In the episode, our president Rossella Miccio explains the lifeline delivery service that we developed, and the long-term medical and psychological intervention we provide to vulnerable people in our healthcare facilities and mobile clinics around Italy.
On the Open Arms vessel, our cultural mediator Bader, who helped staff with the search and rescue, listened to the terrible testimonies of the 44 people rescued from a small wooden boat on Sunday night.
Among them is 16-year-old ‘A’: “I come from Mogadishu, Somalia. Before I arrived in Libya, I travelled through Ethiopia, Sudan and the desert for seven months. Once in Kufra, they captured me and put me in prison. I was stuck there for a year.
It was hell. They told me that if I wanted freedom, I would have to pay money, but I didn’t have any. So they tortured me – kicks, punches, they even used a knife to cut me. Here are my scars. When I tried to escape, I was taken again and sent to the detention centre at Triq al Sikka, which I escaped from after it was bombed. Now I’m happy because I’m finally safe. I thank God that I’m still alive, and far away from Libya.”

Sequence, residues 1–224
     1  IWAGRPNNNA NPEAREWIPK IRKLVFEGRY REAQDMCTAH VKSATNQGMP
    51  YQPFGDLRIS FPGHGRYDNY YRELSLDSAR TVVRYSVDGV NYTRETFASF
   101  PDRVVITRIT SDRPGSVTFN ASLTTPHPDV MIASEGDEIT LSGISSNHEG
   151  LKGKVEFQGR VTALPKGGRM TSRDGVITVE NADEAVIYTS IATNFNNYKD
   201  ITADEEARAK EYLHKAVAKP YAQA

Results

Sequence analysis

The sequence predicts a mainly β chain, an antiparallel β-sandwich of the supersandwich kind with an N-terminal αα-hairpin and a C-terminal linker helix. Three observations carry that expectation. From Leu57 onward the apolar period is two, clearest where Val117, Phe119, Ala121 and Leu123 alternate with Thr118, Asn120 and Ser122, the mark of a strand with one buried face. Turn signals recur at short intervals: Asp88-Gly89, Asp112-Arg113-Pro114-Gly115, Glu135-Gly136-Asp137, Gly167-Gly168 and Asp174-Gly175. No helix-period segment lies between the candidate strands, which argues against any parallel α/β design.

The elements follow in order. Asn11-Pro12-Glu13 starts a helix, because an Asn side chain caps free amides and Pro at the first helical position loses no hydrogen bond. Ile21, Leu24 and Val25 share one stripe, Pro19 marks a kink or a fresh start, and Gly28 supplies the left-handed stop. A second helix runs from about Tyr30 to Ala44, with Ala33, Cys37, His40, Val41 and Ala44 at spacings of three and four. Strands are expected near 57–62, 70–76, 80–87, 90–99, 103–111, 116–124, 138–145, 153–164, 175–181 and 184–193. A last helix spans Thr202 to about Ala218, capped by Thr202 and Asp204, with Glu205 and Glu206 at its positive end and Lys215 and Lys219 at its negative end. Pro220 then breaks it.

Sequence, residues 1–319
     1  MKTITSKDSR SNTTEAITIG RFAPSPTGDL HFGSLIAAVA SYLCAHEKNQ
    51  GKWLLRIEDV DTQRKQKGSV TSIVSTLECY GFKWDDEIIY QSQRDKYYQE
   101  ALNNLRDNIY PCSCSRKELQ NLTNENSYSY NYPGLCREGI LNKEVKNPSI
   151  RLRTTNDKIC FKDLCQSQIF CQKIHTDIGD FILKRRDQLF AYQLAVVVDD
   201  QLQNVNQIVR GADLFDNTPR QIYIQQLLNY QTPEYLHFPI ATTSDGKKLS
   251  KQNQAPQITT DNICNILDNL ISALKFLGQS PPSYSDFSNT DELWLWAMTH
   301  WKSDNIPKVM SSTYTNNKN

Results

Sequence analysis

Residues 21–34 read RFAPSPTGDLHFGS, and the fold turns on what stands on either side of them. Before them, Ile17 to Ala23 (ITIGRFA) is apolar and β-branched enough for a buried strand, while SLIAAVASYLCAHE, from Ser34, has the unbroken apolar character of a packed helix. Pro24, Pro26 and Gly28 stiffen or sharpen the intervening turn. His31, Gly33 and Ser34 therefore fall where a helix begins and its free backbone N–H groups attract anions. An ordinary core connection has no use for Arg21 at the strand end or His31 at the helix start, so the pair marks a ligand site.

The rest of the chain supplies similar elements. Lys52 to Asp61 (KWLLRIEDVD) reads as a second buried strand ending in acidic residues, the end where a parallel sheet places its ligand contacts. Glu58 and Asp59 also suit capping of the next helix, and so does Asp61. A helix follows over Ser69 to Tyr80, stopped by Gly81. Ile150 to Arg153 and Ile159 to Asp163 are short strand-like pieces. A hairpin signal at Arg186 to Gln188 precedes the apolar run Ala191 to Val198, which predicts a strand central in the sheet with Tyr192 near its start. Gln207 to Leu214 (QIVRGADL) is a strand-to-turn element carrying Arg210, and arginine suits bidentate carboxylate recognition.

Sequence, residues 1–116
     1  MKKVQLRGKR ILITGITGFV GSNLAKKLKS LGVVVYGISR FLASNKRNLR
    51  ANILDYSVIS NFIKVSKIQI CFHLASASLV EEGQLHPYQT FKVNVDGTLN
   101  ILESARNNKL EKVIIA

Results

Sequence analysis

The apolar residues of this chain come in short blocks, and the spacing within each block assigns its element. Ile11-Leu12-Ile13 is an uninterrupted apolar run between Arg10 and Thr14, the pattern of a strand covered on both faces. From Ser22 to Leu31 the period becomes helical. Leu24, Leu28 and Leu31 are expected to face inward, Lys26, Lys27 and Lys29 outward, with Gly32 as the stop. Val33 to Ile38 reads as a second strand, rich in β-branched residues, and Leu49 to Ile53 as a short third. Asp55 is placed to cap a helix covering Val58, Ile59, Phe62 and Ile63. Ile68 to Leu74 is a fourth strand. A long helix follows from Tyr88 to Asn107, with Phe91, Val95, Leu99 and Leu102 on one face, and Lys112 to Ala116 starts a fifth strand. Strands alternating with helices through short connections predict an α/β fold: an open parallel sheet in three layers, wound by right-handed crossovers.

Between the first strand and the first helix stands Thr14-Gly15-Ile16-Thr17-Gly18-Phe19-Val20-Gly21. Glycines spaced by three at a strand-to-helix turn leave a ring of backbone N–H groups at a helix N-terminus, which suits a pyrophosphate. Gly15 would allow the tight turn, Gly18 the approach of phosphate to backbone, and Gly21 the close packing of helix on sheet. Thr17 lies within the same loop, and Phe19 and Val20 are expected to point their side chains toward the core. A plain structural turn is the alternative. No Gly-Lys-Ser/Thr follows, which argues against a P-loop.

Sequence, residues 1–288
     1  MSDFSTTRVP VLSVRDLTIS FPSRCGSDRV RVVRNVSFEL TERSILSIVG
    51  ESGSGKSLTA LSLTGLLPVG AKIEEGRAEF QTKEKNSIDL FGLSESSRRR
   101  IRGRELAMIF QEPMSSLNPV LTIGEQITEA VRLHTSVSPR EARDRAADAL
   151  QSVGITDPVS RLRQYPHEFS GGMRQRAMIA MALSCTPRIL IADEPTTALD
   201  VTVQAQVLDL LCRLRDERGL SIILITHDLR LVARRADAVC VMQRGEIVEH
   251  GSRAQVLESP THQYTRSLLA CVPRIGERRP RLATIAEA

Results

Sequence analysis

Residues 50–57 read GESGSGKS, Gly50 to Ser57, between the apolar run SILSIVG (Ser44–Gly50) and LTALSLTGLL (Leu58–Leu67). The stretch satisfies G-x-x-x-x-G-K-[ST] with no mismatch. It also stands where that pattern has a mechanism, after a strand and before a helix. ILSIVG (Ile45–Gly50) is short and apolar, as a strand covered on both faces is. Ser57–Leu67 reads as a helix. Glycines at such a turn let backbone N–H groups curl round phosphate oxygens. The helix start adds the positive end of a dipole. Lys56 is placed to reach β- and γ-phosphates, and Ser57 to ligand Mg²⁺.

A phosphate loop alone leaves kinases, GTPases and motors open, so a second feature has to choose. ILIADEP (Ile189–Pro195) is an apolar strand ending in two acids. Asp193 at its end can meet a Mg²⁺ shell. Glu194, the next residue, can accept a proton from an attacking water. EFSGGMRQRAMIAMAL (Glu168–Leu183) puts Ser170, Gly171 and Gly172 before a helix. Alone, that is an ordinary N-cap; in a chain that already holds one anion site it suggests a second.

Salem is also amongst the rescued women, she’s from Eritrea and is 20. She did not travel alone, but with the child she is pregnant with. She was very worried on the boat. She was only able to recover her smile when staff on-board the ship carried out an ultrasound. She watched her little one on the screen, who was fortunately fine, and her eyes lit up.
“My husband couldn’t leave with me”, Salem told Bader. “There were too many people on the beach where we got on the boat, so he didn’t manage to get on-board.”
Today, ‘A’ and Salem, together with another 42 rescued people, were allowed to disembark in Malta.
Bader told them “Good luck” as they were being transferred to a patrol boat headed for the island that welcomed them. We hope that they find a life with dignity and rights, far away from the suffering and discrimination that denied them respect for human life.